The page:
Fifth try, starting to wonder if the airflow and or cat is worth this kind of time and effort. It prints and give it a shot, well the angle still isn’t right so I tweak the angle a bit more.
I actually almost got locked in the room this time

Decide this is close enough to print a full one. So try six and sure this has to be it, so I print the full thing.
Sure, it makes sense because i point it out, but honest it wasn't this easy the first time.
...no idea what to say

Try seven, change the eyelet to be teardrop shaped to accurately reflect the feeling of being out smarted by a door. But I’m confident I have the angle dialed in after a half dozen previous attempts to print this one in full. And it’s good… but not great. The little raised bit i added on the inside of the door doesn’t have the leverage needed to unlock it so having to slide hand though the door.
Anyone want a cat?

The big kicker happened at this point, i still didn’t have that angle down between the door/door frame. At this point I had three choices.
1) I could leave it and spend a life scraping up my hand getting though the door.
2) I could break out a geometry book, compass, paper, rulers, dice, lucky rabbits foot and figure out for sure what that angle is.
3) Do what I though about doing before step one which I didn’t do because “it won’t be worth the trouble”, model the entire door/door frame/hinge in fusion360 and let that do the math for me.

So I did just that, I only needed to take two more measurements then i started with, the length of the door and the width of the door frame. I then created a joint at the hinge and just like that the door was swinging. I then pretty much started with a blank canvas. I modeled up the new design and printed it, and first try it worked just like I hopped. All the angles are right, it doesn’t bind up anywhere closing it’s perfect, I’ve gone ahead and rented my tux for the 2018 noble prize which due to this thing I’m a shoe in.

Fusion360 you're the real MVP

Wow
Blue

But wait… there’s more.

Reading this overly verbose recount of a door stop it’s super easy to jump to a tl;dr and make an assumption:
“You should have just modeled the whole door it in fusion 360 and you wouldn’t have had to make so many”

I myself thought that when I finished this at first. But nothing could be farther from the truth.

If you look at the final product you see it incorporates tons of lessons learned form the previous failures, It has a larger hole which it took my 3 failures to realize was an issue. It has a arm sticking out that enables it to be activated from inside the room, this took an entire night and 7 versions to realize “sticking a hand though a nearly closed door sucks”. It has a a long angle on the front engagement face to ensure it slides onto the door frame smoothly.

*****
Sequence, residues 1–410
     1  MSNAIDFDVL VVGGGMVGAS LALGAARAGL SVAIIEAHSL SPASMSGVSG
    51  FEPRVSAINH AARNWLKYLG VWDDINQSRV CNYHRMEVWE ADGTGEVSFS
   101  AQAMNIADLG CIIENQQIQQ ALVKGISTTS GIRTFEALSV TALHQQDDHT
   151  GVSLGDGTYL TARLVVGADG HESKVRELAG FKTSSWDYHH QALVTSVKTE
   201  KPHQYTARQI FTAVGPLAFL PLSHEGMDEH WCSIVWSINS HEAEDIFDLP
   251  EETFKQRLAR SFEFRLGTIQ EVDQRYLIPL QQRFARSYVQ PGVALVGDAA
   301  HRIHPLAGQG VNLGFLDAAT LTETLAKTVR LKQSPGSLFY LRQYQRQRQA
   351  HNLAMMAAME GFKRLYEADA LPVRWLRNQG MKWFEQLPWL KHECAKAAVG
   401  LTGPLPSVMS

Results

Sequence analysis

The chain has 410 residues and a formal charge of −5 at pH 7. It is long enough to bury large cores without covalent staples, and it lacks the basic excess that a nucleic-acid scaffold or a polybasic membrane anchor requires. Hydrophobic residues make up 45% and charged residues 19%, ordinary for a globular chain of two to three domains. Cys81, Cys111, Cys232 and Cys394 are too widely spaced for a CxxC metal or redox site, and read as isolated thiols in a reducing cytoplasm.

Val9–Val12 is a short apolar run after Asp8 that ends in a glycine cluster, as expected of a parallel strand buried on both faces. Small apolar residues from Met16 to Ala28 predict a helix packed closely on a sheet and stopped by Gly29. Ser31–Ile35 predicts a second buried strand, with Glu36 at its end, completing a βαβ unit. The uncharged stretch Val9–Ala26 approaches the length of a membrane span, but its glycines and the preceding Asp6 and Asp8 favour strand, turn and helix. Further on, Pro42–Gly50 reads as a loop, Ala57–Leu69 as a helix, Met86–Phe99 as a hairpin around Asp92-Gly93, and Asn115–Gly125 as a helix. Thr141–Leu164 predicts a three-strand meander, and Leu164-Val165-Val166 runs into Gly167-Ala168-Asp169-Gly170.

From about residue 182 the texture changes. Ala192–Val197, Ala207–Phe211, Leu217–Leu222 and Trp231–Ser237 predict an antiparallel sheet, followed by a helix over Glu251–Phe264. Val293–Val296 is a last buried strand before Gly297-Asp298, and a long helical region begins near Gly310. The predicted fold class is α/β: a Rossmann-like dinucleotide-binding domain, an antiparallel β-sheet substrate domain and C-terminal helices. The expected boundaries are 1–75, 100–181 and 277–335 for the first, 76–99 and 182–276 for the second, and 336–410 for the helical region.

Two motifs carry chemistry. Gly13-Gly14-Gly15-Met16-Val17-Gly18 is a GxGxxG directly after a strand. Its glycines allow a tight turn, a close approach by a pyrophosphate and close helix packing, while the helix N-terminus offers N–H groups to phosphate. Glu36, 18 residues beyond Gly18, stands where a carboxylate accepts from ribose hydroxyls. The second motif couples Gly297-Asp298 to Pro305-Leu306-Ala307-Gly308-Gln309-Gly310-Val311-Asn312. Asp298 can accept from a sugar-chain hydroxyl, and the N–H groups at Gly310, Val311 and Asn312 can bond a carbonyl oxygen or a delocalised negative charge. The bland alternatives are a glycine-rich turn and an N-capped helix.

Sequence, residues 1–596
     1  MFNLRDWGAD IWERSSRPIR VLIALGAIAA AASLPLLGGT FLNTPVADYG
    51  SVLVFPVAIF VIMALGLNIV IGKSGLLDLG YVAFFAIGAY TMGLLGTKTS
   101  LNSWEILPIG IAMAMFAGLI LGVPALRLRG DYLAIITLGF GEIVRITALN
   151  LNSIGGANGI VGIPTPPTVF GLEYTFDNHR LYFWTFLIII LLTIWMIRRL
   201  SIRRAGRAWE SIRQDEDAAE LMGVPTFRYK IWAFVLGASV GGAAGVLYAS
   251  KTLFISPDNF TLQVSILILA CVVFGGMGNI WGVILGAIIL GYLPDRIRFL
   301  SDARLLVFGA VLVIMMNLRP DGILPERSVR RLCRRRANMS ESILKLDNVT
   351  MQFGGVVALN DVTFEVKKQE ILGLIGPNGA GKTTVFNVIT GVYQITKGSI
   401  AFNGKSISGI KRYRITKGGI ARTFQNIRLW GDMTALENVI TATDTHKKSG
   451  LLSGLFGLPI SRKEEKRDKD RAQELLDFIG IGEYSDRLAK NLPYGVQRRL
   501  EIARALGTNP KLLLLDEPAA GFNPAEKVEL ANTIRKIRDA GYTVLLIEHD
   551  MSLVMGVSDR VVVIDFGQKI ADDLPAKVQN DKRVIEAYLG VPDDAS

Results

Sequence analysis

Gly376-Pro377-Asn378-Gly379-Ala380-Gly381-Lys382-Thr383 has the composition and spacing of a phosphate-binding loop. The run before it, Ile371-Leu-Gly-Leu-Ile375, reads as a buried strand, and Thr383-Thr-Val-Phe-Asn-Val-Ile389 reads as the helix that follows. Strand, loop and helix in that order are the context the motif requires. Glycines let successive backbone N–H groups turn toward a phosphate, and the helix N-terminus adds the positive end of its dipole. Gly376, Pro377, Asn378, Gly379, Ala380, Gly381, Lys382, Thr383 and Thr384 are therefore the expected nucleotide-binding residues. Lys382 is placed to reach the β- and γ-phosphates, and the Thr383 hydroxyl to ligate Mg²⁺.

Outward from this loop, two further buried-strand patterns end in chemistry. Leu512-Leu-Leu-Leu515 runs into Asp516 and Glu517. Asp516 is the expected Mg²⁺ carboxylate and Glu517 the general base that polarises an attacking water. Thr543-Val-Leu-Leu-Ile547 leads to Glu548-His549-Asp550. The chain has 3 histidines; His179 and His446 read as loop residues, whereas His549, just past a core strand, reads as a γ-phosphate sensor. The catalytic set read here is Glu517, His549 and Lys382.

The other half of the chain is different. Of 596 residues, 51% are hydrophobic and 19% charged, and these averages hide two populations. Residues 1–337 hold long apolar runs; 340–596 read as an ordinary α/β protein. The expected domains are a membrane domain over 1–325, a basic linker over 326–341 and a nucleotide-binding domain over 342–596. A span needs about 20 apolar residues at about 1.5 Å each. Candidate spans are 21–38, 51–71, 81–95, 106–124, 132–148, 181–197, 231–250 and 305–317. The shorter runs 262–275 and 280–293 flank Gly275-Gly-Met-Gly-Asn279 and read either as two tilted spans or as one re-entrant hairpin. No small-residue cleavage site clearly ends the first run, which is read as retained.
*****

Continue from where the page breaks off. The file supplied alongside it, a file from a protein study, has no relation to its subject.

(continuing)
No doubt starting with a better model of the door would have fixed some problems, but there are always going to be issues you don’t think about until you run into, you don’t know what you don’t know. So this two way door stop has served as a good reminder that not only is it important to take time and effort to plan out things and not to assume they are as simple as they appear on face value. It also is a good reminder that you don’t make perfection first run though, having drafts, mock ups and failures and the determination to try try again is vital for creating.

It’s time again for our annual pig roast! The 10th annual (can you believe it??) pig roast and LAN party is coming up on June 30, 2018! The pig roast will be 12p-5p and the LAN party will begin at 7p!

To-go plates and adult plates will be $10, kids’ plates (12 and under) will be $5 (with purchase of adult plate).

Hope to see you there!

Facebook event link: https://www.facebook.com/events/2075819739405414/

One of our members, Robert, needed to replace a cracked door on a popcorn machine in order to get it back up and running.

We grabbed the calipers, fired up the large laser cutter, and got to work! We started off by measuring the size of the door and the locations of the holes for the hinges and handle. We then used those values to make a simple design in Adobe Illustrator:

After double-checking our measurements, we imported the design into LightBurn, a new piece of software for controlling laser cutters like ours, and set the power settings for the piece of acrylic sheet we would be using:

We loaded in the sheet of acrylic, and started the cut! After a minute or so, we had a brand new popcorn machine door! It looked as good as the original so you couldn’t even tell it was replaced. We needed to make a small tweak to the tolerances to get the door to sit correctly on the hinges, but after that, it was as good as new:

I love being able to use the tools at ML256 to save the day in scenarios like this, and I hope we continue to see many more similar success stories and learning opportunities!

As part of my continuing pugmill project, I decided to build a bigger smithing forge!

I started with a 50 gallon water heater tank that I shucked (Thanks Greg!)

the stuff in the back is insulation

 

 

I measured the tank based on the height of the rock-wool insulation, and then cut it down with a diamond saw blade.

tank cut to size

 

 

I then welded up a frame and legs from angle iron, it took 1 1/2 x 20′ bars. They run about $15 apiece from a local metal shop. I got lots of help with the brainstorming and design from Paul!

volunteer measuring the cylinder for the hinge

 

 

I used the plasma cutter to cut out circles for the door and rear part of the forge, and also a fire hole for the propane burner, then we welded up the hinges and inserted the rock-wool.

 

 

The rock-wool was secured to the door and tank with nichrome wire (another donation from Greg)

note the stitching around the door

 

 

I then welded a frame for supporting the propane burner on the side of the forge.

The side supporting frame

 

 

Then it was time to test it!

fire is fun

 

 

All in all this was a successful project.

(more pics here)